|Sam Barnes is Vice President - Power Generation and Energy, Commonwealth Associates, Inc. He has 21 years of experience in the power industry. As a mechanical engineer and a project manager Sam has been involved in design, consulting and development of coal and gas fired plants. He graduated from the University of Michigan with a BSME and is a trustee on the board of Jackson Community College.|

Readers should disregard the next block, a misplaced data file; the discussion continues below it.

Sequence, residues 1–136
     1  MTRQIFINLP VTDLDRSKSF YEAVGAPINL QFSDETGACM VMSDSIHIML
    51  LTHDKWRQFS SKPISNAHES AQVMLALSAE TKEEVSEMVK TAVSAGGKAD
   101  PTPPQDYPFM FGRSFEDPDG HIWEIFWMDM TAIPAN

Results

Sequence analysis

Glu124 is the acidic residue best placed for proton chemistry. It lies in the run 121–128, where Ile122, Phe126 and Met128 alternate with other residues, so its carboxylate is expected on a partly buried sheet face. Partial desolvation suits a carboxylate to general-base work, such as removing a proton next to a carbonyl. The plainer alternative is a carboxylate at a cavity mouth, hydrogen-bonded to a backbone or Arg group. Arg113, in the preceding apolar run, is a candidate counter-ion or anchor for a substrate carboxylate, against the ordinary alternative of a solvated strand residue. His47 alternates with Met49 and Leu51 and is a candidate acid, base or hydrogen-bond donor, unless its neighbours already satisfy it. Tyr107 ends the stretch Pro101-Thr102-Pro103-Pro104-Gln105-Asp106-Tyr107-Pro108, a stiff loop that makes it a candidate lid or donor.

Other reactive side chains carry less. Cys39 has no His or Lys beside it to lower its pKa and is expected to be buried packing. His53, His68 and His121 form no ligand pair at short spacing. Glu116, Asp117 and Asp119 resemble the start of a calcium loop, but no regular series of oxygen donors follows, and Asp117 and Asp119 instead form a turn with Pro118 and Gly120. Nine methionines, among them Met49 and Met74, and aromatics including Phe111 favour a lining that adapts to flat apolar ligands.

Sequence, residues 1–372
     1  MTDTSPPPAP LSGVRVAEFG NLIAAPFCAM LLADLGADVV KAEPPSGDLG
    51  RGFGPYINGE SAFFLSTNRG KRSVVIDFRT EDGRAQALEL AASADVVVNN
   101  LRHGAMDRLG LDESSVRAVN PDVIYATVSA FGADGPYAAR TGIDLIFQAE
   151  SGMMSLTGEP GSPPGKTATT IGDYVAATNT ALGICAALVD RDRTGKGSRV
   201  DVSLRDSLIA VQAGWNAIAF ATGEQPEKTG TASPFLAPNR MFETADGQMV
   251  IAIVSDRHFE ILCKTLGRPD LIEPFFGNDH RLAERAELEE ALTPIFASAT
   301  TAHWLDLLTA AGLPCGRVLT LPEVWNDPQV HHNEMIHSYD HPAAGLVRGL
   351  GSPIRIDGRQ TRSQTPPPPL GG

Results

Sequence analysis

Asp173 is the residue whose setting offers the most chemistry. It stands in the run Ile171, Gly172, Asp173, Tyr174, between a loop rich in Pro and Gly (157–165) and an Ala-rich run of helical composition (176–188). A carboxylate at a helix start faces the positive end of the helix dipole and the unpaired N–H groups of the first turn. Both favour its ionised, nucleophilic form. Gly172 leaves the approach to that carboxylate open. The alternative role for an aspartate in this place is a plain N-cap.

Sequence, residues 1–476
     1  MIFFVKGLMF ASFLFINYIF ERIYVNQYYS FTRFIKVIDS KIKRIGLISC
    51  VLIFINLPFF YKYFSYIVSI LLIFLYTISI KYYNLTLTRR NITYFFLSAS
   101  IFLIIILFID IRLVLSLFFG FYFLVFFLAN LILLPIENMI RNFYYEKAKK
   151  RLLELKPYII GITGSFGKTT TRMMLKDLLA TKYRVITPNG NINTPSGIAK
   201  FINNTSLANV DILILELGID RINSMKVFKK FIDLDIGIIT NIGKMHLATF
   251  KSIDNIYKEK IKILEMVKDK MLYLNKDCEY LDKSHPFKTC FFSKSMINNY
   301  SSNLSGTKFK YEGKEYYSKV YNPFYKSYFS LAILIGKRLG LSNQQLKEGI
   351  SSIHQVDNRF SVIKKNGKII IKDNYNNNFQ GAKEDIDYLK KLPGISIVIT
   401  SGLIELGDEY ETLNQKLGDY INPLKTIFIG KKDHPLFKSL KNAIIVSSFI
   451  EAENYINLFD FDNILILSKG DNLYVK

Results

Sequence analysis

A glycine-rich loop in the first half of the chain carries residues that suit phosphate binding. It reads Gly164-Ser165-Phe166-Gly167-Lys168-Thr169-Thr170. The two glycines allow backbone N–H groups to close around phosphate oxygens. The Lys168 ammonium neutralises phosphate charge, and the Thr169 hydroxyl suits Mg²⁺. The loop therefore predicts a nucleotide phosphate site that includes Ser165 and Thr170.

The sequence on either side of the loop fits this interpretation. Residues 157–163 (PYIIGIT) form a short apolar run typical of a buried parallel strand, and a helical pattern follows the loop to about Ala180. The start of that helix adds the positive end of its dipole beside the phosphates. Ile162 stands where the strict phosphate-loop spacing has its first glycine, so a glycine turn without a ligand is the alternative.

Best Practice Story: Whether or not coal ash becomes classified as hazardous waste, coal plant owners may be looking at converting their ash systems from wet to dry for any number of reasons. But what does this do to the plant's water mass balance and where will the process wastewater go? There are some steps that should be followed so that all effects are taken into consideration. First, start by characterizing the plant's wastewater flows for both quantity and quality. Future considerations that could add or take away from wastewater generation must be documented. Once a clear picture of the amount and nature of wastewater is known, modifications can be reviewed that will minimize the amount of wastewater generated. Modifications may include both physical changes and operational changes. Once wastewater generation has been minimized, treatment before release to an outfall must be considered. The final step is evaluation of appropriate treatment options and choosing the one that balances compliance, project cost and operating and maintenance costs. This paper will also address upcoming regulatory issues that will likely decide the extent of treatment necessary. The most likely treatment scenarios will also be addressed.